$$\begin{aligned} 2\;{\text{Phlogopite}} + 6\;{\text{quartz}} & = 3\;{\text{enstatite}} + 2\;{\text{sanidine}} \\ & \quad + 2\;{\text{H}}_{2} {\text{O}}, \\ \end{aligned}$$
(7)
in order to see the effect of this revised entropy value of Phl on its enthalpy of formation value, \(\Delta H^{\text{o}}_{\text{f}}\). For that purpose we used 13 experimental brackets determined on reaction (7) either in a pure H2O fluid or in fluids with reduced H2O activity (H2O–CO2 or H2O–KCl fluids) obtained by Bohlen et al. (1983), Clemens (1995), Aranovich and Newton (1998) and Berman et al. (2007). The evaluation of these experimental data (compiled in Table S2) yields \(\Delta H^{\text{o}}_{{{\text{f}},{\text{Phl}}}}\) = − 6209.83 ± 1.10 kJ/mol, and we use this value, So = 330.9 ± 2.2 J/(mol K) and Eq. (5), for Cp in any further computations below involving Phl.

Benisek and Dachs (2018) have calculated standard enthalpies of formation values, \(\Delta H^{\text{o}}_{\text{f}}\), for a number of rock-forming end-members based on DFT calculations. Their result for Phl (\(\Delta H^{\text{o}}_{{{\text{f}},{\text{Phl}}}}\) = − 6207.55 kJ/mol) is close to the phase-equilibrium derived value presented above based on phlogopite’s revised So from this study. For end-member Eas, a similar DFT calculation yields \(\Delta H^{\text{o}}_{\text{f}}\) = − 6360.5 kJ/mol, 30–35 kJ more negative than values given in Berman et al. (2007) or appearing in Holland and Powell (2011).

Volume

The molar volumes, Vo, of the end-members Phl100 and Eas100, as well as of all solid solution members are listed in Table 2 and are shown in Fig. 2 as function of XEas. Our value of 14.958 ± 0.002 J/(mol bar) for Vo of Phl100 agrees closely with published values. The DFT-computed Vo = 14.732 J/(mol bar) for disordered Eas, converting the calculated volume at 0 K to 298.15 K using a method outlined in Benisek and Dachs (2018), is identical to that given by Circone et al. (1991). The DFT-calculated Vo of ordered Eas is, on the other hand, somewhat smaller (14. 647 J/(mol bar)).
Table 2

Lattice parameters and volumes of synthetic members of the Phl–Eas join

 

XEas/(XEas+XPhl)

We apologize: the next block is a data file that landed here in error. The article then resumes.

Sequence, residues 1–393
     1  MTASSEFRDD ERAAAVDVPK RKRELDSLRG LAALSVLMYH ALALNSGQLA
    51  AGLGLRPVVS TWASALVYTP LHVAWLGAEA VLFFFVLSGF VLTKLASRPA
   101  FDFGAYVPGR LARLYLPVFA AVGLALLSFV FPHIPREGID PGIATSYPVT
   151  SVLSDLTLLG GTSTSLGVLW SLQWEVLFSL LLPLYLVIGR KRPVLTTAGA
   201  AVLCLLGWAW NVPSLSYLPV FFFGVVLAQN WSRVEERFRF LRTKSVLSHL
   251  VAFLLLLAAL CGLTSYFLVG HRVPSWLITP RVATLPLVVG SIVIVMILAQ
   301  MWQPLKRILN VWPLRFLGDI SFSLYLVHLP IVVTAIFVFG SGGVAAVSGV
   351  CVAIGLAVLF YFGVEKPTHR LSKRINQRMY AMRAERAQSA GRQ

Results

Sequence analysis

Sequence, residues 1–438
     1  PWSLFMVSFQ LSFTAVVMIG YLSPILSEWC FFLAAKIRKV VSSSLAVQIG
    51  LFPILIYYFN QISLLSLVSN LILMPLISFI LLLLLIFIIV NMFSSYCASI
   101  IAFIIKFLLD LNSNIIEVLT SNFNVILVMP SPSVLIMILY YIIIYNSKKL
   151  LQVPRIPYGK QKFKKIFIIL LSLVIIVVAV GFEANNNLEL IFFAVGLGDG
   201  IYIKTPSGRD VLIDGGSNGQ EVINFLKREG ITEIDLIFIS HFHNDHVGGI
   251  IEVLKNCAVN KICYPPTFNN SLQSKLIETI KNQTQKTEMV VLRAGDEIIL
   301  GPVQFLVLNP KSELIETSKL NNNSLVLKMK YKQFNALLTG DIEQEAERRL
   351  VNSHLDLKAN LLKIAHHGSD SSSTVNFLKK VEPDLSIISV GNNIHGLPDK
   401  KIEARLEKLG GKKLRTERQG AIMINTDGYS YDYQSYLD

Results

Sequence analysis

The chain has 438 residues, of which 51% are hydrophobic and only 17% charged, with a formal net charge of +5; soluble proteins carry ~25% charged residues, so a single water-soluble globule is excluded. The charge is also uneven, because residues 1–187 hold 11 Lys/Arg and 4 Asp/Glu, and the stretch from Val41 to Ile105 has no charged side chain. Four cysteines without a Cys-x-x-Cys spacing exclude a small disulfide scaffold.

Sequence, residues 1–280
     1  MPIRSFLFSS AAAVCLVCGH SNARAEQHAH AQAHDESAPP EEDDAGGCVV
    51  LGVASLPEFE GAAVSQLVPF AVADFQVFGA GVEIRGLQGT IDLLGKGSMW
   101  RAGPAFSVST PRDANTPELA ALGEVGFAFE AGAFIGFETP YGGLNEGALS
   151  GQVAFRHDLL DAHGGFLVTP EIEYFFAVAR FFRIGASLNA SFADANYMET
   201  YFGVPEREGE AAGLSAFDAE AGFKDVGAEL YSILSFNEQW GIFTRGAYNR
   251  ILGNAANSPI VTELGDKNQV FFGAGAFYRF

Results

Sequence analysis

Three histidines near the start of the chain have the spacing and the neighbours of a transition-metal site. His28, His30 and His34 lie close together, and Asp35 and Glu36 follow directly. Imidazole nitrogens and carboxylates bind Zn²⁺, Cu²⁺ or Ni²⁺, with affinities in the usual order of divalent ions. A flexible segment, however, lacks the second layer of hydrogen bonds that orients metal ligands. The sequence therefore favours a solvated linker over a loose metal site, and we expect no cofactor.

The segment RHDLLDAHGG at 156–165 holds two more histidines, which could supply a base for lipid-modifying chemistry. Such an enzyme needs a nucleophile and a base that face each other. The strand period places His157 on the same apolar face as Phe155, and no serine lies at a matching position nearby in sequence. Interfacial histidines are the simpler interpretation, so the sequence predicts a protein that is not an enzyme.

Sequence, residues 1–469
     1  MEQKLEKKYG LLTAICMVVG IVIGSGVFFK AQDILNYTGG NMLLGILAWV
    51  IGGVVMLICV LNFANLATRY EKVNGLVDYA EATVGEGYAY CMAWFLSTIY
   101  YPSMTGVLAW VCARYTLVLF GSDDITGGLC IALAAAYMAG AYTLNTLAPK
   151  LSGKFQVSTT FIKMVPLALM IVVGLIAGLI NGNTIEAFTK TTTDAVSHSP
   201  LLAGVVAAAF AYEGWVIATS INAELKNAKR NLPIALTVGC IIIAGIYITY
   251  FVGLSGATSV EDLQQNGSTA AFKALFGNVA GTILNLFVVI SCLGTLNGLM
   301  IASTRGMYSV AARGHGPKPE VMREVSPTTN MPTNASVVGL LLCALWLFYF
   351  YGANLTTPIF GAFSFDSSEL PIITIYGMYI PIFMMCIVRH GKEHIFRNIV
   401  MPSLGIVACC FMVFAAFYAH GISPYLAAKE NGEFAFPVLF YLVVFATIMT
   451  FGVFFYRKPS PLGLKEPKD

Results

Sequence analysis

a (Å)

b (Å)

c (Å)

β (°)

Volume (Å)

Volume (J/mol·bar)

Phl100

0

5.3146

9.2038

10.3089

99.883

496.77 (8)

14.958 (2)

Phl80Eas20

0.22

5.3032

9.1894

10.3009

99.886

494.54 (8)

14.891 (2)

Phl60Eas40

0.41

5.2952

9.1711

10.2963

99.864

492.63 (8)

14.833 (2)

Phl40Eas60

0.57

5.2901

9.1676

10.3028

99.866

492.26 (8)

14.822 (2)

Phl20Eas80

0.69

5.2860

9.1627

10.3078

99.870

491.86 (8)

14.810 (2)

Eas100

0.77

5.2787

9.1603

10.3107

99.900

491.15 (8)

14.789 (2)

Eas-ord.

1

     

14.647a

Eas-disord.

1

     

14.732a

aMolar volume of ordered and disordered eastonite as derived from DFT computations

Fig. 2

Molar volumes of synthetic members of the Phl–Eas binary of this study (dots; the values for ordered and disordered Eas stem from DFT calculations, all others from X-Ray powder patterns), compared to literature values. Open triangles: Hewitt and Wones (1975), Open squares: Circone and Navrostky (1992), open diamonds: Berman et al. (2007), filled squares: Holland and Powell (2011). The broken line represents ideal mixing

A new activity model for Mg–Al biotites based on Mg–Al ordering

In the following, we present a new activity model for Mg–Al biotites that has been formulated introducing Mg–Al order–disorder. It is based on results from DFT calculations (Table 3) showing that an enthalpy of disordering of ΔHdis = 34.5 ± 3 kJ/mol is associated with the disordering of Mg and Al on the M sites of Eas:
$$\begin{array}{*{20}c} {\text{ordered - Eas}} & = & {\text{disordered - Eas}} \\ {{\text{KAl}}^{\text{M1}} \left( {{\text{Mg}}_{ 2} } \right)^{\text{M2}} \left[ {\left( {\text{OH}} \right)_{ 2} \left( {{\text{Al}}_{ 2} } \right)^{\text{T1}} \left( {{\text{Si}}_{ 2} } \right)^{\text{T2}} {\text{O}}_{ 10} } \right]} & = & {{\text{K}}\left( {{\text{Al}}_{ 1/ 3} {\text{Mg}}_{ 2/ 3} } \right)^{\text{M1}} \left( {{\text{Al}}_{ 2/ 3} {\text{Mg}}_{ 4/ 3} } \right)^{\text{M2}} \left[ {\left( {\text{OH}} \right)_{ 2} \left( {{\text{Al}}_{ 2} } \right)^{\text{T1}} \left( {{\text{Si}}_{ 2} } \right)^{\text{T2}} {\text{O}}_{ 10} } \right]} \\ \end{array}$$
(8)
Table 3

CASTEP-energies (ΔU0K) of completely ordered eastonite (Eas, Q = 1), for completely disordered eastonite (dEas, Q = 0) and two intermediate ordered eastonites (Eas-1, Eas-2)

 

Q a

Octahedral site fraction of Al

ΔU0K (kJ/mol)

Figure in suppl. materials

Eas

1

X Al M1 = 1, X Al M2 =0

− 925,452.7 ± 1.4

Fig. S3

Eas-1

0.625

X Al M1 = 3/4, X Al M2 =1/8

− 925,437.9 ± 3.0

 

Eas-2

0.250

X Al M1 = 1/2, X Al M2 =1/4

− 925,428.3 ± 3.0

 

dEas

0

X Al M1 = 1/3, X Al M2 =1/3

− 925,418.2 ± 2.4